Crampons on and ice axes in hands we made our way over and around small crevasses, a 200-ft section of bare rock, and then an aluminum ladder “bridge” that crossed a narrow, but deep (we would see later) crevasse. We jumped over several other crevasses, still in the dark, as we headed toward the Ingraham Direct route. We passed high camp and its sleeping occupants, and we saw an absolutely beautiful and unobstructed view of sunrise on the earth’s east horizon.

We had originally planned to ascend the Disappointment Cleaver route, the most popular route on the mountain, but warm weather, rock and icefall, and detours around crevasses made it a less appealing choice. The Ingraham Direct is a Grade I/II route (strenuous, rock and ice fall, 35 to 40 degree snow and ice slopes, altitude) and had been the most traveled route to the summit in past weeks. A clearly marked, well-defined boot track was in place all the way to the crater rim. This route also avoided the traverse to the Disappointment Cleaver and the notorious rockfall hazard associated with the cleaver. However, the Direct is not the safest route, as it was the scene of a serious accident in early June involving natural, spontaneous icefall. Further, a section of the boot track above Ingraham Flats, we were told, is routinely swept with icefall, even in the morning. Climbing parties were being advised to “move quickly through areas exposed to icefall and seriously consider their level of acceptable risk before exposing their team to objective hazards.” The Ingraham Direct cuts right above 12,000 ft to join up with the Disappointment Cleaver route near the top of the cleaver. Though we had chosen the Ingraham “Direct” route, it required an extra hour detour to circumvent a large crevasse on the upper snowfield.

At 13,000 ft I hit the wall; I was exhausted. This had become the hardest physical effort I had ever undertaken. I had to count my steps...first to 100, but quickly to 50, then only to 30 before stopping a moment to get my mind off how tired I was and how badly I wanted to sit for awhile. Well, I didn’t have to persevere much longer it turned out, because I should have recalibrated my altimeter at Muir...we reached Columbia Crest and the huge summit crater half an hour later. We dropped our packs, grabbed a snack, and headed across to Rainier’s true summit.

It was truly exciting to be at the top of a mountain that you wanted to climb for a long time. I choked back the lump in my throat and checked out our surroundings. To the south we could see Mts. St. Helens, Adams, Hood, and Bachelor; to the north Baker and Olympus were clear, but Seattle and everything below these peaks was covered from our view with the Pacific Ocean’s motherly blanket of clouds.

We conversed with other climbers; a fellow from Germany took our group pictures. Bob even heard a conversation a fellow in his early 20s was having with his mom on his cellular phone. After telling her he was on the summit of Rainier, Bob heard him tell his mom, “No mom, this is a pretty big mountain; I won’t be home for supper tonight.” We took photos, lots of them, we signed the register (I left my Portage golf tee in the register box), and we crossed the crater to begin our descent to Muir.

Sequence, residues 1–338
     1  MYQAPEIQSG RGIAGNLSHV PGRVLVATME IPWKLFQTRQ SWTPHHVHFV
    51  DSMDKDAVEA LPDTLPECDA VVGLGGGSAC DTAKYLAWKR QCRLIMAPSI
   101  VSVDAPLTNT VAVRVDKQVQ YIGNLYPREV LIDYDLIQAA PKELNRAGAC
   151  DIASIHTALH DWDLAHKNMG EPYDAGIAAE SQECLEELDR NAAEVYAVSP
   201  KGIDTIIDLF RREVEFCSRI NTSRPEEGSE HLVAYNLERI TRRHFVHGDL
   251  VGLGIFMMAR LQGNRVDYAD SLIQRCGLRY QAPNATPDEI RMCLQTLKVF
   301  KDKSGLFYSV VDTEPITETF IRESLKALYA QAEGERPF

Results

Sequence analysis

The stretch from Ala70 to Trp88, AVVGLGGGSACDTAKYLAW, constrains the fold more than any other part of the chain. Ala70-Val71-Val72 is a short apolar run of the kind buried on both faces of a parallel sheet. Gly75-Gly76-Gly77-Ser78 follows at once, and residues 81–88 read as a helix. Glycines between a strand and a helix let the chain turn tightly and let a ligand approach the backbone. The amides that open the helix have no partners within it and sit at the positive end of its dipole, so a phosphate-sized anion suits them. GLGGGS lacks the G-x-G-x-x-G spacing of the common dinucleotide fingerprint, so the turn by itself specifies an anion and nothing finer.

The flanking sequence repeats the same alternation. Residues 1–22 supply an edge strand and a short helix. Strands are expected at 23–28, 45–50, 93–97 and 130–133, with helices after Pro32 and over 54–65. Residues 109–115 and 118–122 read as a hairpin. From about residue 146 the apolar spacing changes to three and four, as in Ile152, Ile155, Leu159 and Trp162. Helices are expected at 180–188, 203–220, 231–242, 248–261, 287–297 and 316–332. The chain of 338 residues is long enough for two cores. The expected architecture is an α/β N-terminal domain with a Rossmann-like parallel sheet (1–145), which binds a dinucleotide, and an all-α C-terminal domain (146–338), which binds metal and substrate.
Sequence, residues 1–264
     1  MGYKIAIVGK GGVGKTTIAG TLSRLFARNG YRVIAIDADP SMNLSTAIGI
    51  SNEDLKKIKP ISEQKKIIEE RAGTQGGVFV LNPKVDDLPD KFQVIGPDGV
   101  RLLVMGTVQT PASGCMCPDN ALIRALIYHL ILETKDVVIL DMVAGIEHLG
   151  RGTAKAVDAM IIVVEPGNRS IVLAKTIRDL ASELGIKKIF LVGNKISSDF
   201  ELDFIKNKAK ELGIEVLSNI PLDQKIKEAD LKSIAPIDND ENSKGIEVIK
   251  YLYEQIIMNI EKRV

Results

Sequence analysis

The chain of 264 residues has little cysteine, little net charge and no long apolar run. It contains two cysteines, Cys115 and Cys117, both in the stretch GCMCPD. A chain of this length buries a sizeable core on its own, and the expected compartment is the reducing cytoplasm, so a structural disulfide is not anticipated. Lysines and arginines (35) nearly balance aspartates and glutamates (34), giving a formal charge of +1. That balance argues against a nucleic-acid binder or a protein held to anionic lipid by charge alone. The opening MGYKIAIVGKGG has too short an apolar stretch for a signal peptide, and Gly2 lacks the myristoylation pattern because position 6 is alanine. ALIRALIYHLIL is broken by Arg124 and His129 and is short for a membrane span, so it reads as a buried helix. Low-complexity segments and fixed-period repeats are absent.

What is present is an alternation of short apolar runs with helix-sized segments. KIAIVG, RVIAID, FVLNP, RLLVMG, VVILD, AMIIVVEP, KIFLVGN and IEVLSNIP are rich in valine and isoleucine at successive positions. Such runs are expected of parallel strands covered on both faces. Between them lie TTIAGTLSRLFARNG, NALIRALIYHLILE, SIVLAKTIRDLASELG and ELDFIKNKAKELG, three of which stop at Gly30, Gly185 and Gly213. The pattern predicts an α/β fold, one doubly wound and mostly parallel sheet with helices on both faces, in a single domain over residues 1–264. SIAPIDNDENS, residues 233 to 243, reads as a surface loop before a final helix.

It was 11:00 a.m., it was very warm, and from what, apparently, only I had read, we were supposed to back in camp already. The dangerous part of our climb hadn’t occurred yet. We started down.

It was bright, sunny, and very warm. The snow balled under our crampons with each step we took and caused us all to lose our footing and descend in a semislide-step fashion. I noticed at times that my steps landed on very thin patches of glacier that looked like they would break any second, and I pointed them out to Bob behind me.

We had to stop often on our way down so Shane, our leader, could get on his hands and knees and gently probe with his ax to test the integrity of the crossings we’d carefreely plodded over just a few hours before. Seemingly oblivious to the hazards, a couple rope teams loped/ran past us. It seemed inappropriate to go off trail and descend as they were, with the risk of falling into a hidden crevasse at any moment, but they looked like they had a strategy and experience. Their method did not seem to interest any of our team, but their haste caught our attention.

We reached the Ingraham Headwall (which wasn’t the way we planned to come down, but we had missed our turn) at approximately noon. It is a very beautiful but deadly place. You could clearly see the avalanche and rockfall runouts from the headwall, and you could also see that our trail was going to go through them and meander next to them the entire way down. We heard the rumbling of the moving glacier and saw and heard the terror of rockfall, against the peaceful melting of the snow and ice into hidden glacial streams. You could also feel your personal anxiety rise. This was the real thing.